Over at The Chronicle of Higher Education today, I have a piece on “Resolutions for a New Academic Year: A survival guide for higher education in perilous times.” Here’s one of those resolutions:
Teach students to use language well.Â We can help them to be wary of lazy euphemism — not just because it is bad writing (though it often is), but because its bland familiarity can anaesthetize the attention. As George Orwell’s famous 1946 essay, “Politics and the English Language,” observes: “If thought corrupts language, language can also corrupt thought.”
The president and his staffÂ spend their days wresting words from their meanings. Amplified by repetition and news coverage, their linguistic nihilism infects our usage, and compromises our collective ability to make sense of the world. So encourage students to discard “alt-right,” “climate skeptic,” and “alternative facts,” and instead, say “white supremacist,” “anti-science,” and “lies.” Help them to resist the slippery idiom of propaganda.
The rest is over at The Chronicle. Â Thanks to Robin Bernstein for putting the editor from The Chronicle in touch with me, and to that editor (is it appropriate to name her here?) for publishing this.
She — the editor — asked me to write something on “A column of suggestions for how professors (rookies and senior ones) can get the year off to a good start. Kind of a New Academic Year’s Resolutions.” I said sure! And then jotted notes, and more notes, … and wrote a half-dozen incomplete (failed) drafts. I kept getting stuck because offering the usual beginning-of-term advice felt reckless and irresponsible. It felt like the privileged giving advice to the privileged. In any case, there are lots of columns on the challenges of managing our various and proliferating obligations, or setting writing goals, and related professional predicaments.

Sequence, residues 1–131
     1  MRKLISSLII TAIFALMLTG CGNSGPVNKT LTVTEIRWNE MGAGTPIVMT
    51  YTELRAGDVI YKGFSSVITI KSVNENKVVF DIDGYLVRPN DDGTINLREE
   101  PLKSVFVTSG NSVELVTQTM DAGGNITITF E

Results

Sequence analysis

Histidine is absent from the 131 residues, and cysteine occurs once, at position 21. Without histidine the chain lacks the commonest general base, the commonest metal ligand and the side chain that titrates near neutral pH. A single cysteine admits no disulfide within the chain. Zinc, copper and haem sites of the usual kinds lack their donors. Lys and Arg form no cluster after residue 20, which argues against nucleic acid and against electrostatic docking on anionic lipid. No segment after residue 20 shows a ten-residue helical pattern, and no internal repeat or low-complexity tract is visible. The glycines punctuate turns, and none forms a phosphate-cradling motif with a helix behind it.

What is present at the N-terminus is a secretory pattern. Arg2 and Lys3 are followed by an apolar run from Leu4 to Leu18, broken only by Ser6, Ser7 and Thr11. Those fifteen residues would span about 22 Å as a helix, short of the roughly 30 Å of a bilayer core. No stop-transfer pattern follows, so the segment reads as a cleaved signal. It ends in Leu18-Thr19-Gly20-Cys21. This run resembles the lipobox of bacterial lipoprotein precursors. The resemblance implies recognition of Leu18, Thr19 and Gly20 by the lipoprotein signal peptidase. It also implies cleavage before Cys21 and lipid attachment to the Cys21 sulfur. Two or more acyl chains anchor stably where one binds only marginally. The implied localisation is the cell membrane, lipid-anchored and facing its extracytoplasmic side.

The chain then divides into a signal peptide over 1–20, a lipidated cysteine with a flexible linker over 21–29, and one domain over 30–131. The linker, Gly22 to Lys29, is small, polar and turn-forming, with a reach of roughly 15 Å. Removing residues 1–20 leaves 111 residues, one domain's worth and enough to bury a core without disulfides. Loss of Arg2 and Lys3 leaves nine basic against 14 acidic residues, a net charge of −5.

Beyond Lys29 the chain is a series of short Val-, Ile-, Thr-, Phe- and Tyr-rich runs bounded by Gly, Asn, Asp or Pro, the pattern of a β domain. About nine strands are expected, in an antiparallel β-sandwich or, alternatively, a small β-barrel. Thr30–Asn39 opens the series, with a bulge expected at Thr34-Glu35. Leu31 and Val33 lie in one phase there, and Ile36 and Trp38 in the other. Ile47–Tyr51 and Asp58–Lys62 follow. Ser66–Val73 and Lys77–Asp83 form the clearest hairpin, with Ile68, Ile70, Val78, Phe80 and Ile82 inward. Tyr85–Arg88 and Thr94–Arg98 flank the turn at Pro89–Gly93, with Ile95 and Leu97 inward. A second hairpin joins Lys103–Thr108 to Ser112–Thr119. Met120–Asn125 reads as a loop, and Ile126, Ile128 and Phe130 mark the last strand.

So, instead, I wrote a piece inviting educators to consider how they might shine a light through the fog of lies that envelops us, nurture the capacity for critical thinking, and help others resist the allure of fascist blowhards. Of course, the younger generation did not vote for the tiny-fingered bloviator. But they will live amidst the damage he and his quislings inflict for many more years than their teachers will.
We should really restore that word – quisling – to contemporary discourse. It comes from Vidkun QuislingÂ (1887-1945), the Norwegian Prime Minister (1942-1945) who collaborated with the Nazis, and thus can refer to any short-sighted people who collude with those who do their fellow citizens harm. For instance, most (though not all) of the Republican Party have been happy to betray their country and its citizens. Sure, here and there, they’ll offer a few words of criticism. But will most back up their words with actions? Â The majority still fantasize about a tax policy that will increase the misery of those in need, and so put their qualms aside to work with the grifter-in-chief. For instance, right now, will they join Democrats & support DACA legislation for immigrants who — though they lack citizenship — have known no other home than the US? Or will they stand by, while America’s fascist clown deports 800,000 hard-working members of their community? Most Republicans’ behavior thus far does not inspire me to hope. (But I would love to be proven wrong on this!)
By design, the administration’s cruelty harms minoritized communities the most. (This is what happens when a white supremacist becomes president.) So, in offering advice, I tried to take into account the fact that, for some of us, merely surviving the regime will be not only enough but truly miraculous. For some, simply continuing to be is itself a form of resistance. And I also understand that critical pedagogy animates some of us more than others. We all move through the world, bearing different and often unseen burdens. What works for one may not work for all.
But those of us who care about democracy and human rights are all in this together. We need to support each other, and — in whatever way we can — ignite beacons of hope amidst the gathering darkness.
A well-educated public is less likely to admire demagogues. So, we educators have our work cut out for us — important, necessary work. And we might locate at least some of our hope in that endeavor.
Related writing (by me, and on this blog unless otherwise indicated):
- “Laughter and Resistance: Humor as a Weapon in the Age of Trump,”Â The Horn Book, May-June 2017.
- “Refugee Stories for Younger Readers,”Â PublicBooks, 23 Mar. 2017.
- “The Public University in an Age of Alt-Facts: Remarks on Receiving a Higuchi Award.” 13 Dec. 2016.
- “Surviving Trumpism. Restoring Democracy.” 12 Nov. 2016.
- “Fight Fascism. Vote Clinton.”Â Dedicate Your No-Trump Vote, 30 Sept. 2016.